Wednesday, June 20, 2012

Deciding We'll Just Have To Be Careful

I don't know who hung the rope ladder from the swing set. It used to be tied to a tree trunk at the top of the smaller of our two concrete slopes. It was one of several ways kids could move from the lower level of our outdoor classroom to the top.

When I arrived on the morning of the first day of our summer program, I found it hanging there and my first instinct was to find fault with it. For one thing, not knowing who did it, how was I to know those knots were secure? And isn't it too close to the swings on either side? And aren't we going to miss having it in the old spot?

I guess those are the fundamental fears of conservatism: that change, whatever it is, won't work, that it will in fact be dangerous, and oh how we'll miss the olden days. I'm not talking about politics, but rather the kind of personal conservatism so many of us fall into as we get older, the knee-jerk reaction against things that aren't the way they always were.

I hadn't allowed myself a lot of extra time, but took a moment to test it for myself. It held my weight, although I didn't really dig on the swinging action so much. I tried making it go side-to-side, trying to entangle it with the chains of the swings on either side, but I couldn't.

Without evidence, I was still sure it was somehow unsafe, but at least I'd demonstrated it wasn't manifestly so, and those knots looked like they'd take awhile to untie, not to mention the time it would take to round up the step ladder. I decided to leave it for the time being if only because I had so much else I needed to do before the kids arrived. And besides, one of the parents would likely point the danger out to me, which would provide the impetus to returning it to where it belonged on the face of the lesser of our concrete slopes. They would say, "That looks dangerous," and I would reply, "I wondered about that?" then we would take it down.

I guess that's the fundamental modus operandi of laziness: that change, whatever it is, can be put off until someone or something else makes it absolutely necessary. I'm not talking about sloth, but rather the kind of personal laziness that so many of us fall into as we get older, the certain knowledge that the onus for change never need fall exclusively on oneself, but rather can wait until others are clamoring for it too. Then you can answer, "Good idea. Would you mind taking care of it?"

So I left it there, my laziness outweighing, I suppose, my conservatism, expecting that it would need to come down, but no one said anything that first day. A few of the kids asked, "What's this ladder doing here?" and some tried to climb it. Charlotte was the first to make it to the top, standing on the uppermost rung, swinging carefully.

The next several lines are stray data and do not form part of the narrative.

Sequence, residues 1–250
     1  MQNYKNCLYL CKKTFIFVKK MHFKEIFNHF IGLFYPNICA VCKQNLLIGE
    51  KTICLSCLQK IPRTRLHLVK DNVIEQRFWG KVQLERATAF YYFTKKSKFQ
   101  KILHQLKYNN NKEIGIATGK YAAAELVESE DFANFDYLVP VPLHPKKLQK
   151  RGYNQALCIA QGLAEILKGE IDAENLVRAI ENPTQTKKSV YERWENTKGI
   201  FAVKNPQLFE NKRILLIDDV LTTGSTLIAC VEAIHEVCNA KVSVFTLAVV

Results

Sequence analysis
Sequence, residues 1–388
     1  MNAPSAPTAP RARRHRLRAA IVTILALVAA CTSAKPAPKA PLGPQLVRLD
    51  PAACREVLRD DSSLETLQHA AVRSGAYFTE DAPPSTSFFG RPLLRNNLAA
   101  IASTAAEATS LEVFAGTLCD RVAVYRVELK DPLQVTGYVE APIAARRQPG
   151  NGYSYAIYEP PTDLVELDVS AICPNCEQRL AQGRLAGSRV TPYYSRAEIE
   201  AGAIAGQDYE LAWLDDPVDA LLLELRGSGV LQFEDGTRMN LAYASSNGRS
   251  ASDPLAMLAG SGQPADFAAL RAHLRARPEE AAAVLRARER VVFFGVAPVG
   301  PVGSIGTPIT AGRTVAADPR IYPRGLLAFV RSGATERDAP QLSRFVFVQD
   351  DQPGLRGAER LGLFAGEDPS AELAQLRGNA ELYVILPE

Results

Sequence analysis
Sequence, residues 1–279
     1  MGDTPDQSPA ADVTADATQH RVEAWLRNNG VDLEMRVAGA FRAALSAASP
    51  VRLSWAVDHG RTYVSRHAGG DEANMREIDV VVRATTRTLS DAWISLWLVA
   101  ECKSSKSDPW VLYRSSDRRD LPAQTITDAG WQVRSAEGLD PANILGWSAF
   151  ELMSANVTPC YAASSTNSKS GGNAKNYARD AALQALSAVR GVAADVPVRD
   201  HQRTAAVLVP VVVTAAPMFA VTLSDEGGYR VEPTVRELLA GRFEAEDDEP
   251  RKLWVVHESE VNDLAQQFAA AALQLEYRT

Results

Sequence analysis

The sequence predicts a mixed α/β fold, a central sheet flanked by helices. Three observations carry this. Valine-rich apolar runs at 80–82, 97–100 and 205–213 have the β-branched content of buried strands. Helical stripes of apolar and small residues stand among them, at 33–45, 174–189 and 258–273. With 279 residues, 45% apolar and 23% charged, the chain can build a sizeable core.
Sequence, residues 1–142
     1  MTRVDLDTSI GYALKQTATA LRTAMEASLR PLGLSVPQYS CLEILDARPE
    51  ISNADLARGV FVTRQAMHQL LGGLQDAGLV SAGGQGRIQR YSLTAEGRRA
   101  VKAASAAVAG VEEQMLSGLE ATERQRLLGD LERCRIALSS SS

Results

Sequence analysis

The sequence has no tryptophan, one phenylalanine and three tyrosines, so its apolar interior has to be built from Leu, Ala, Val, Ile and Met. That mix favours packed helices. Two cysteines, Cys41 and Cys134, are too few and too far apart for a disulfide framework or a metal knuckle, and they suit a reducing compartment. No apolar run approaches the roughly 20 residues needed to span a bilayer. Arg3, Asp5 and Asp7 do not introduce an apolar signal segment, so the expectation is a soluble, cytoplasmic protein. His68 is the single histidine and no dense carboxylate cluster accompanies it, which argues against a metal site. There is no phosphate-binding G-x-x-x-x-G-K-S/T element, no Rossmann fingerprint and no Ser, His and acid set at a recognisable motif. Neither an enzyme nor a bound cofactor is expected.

The ladder swing made it though the entire first week and it's still there so far this week. We did figure out that if a kid sits on the top rung and really gets the thing swinging, the bottom part of the ladder kicks out and could potentially knock someone in the head, but that's not a whole lot different than the hazard of any swing, so, you know, instead of taking the whole thing down, we've decided we just have to be careful.

I don't know if it's here to stay, but it's now got me thinking about what else we could hang from there.

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Unknown said...

Hello Teacher Tom, have not visited your blog in quite some time, it was nice to read your post on this early sunny San Francisco morning. Keep up the good blogging! cheers, Nadia, pre-k teacher in SF

Males in Early Childhood said...

It's funny you should be talking about this topic as my latest post touches on this very thing. Your voice would be invaluable to the discussion if you'd care to add it. The fear of children taking risks is often seated in our own inablity to adjust to change. Change in approaches; change in attitudes; change in practice; change in regulations.

I had a discussion today with a colleague about why the children aren't allowed to use 'guns' in their play. This followed the Director telling the children they're not allowed. Her response was that it's a rule and has always been a rule. When questioned further she began to justify it then that moment clicked in when I think she realised that she didn't truly believe what she was saying, rather she was spouting out someone else's mantra that had been drilled into her.

I wish we were all as reflective and self effacing as you Tom :)

Lizapest said...

The child care I work with is highly governmentally subsidized and there is not a chance we would ever be allowed to have a swing set, let alone a rope ladder hanging from it. We have been conditioned to see the worst case scenario and often forget that the probability is so slight it is almost laughable.
After 20 years in my career I have seen so many changes, some good some... not so much. It is shocking to see pictures of what we did back then and what we wouldn't dream of doing now. Sometimes I wonder if we are doing our children a disservice by not allowing them to take calculated risks. My parents rarely knew where I was between the hours of 9AM and 6PM during the summer, we were free to explore the neighbourhood and all it had to offer. Now parents justify sitting children in front of TVs and computers by saying "At least I know where they are and they are safe"
I am a big jealous of you and "your" children, it looks like so much fun.

Anonymous said...

We've had great fun taking our swings down and hanging a small wooden ladder in various ways from the swing set (vertically and horizontally, higher and lower). Yes it does require adult supervision but our parents are happy to do so when they see how much fun and learning goes on.

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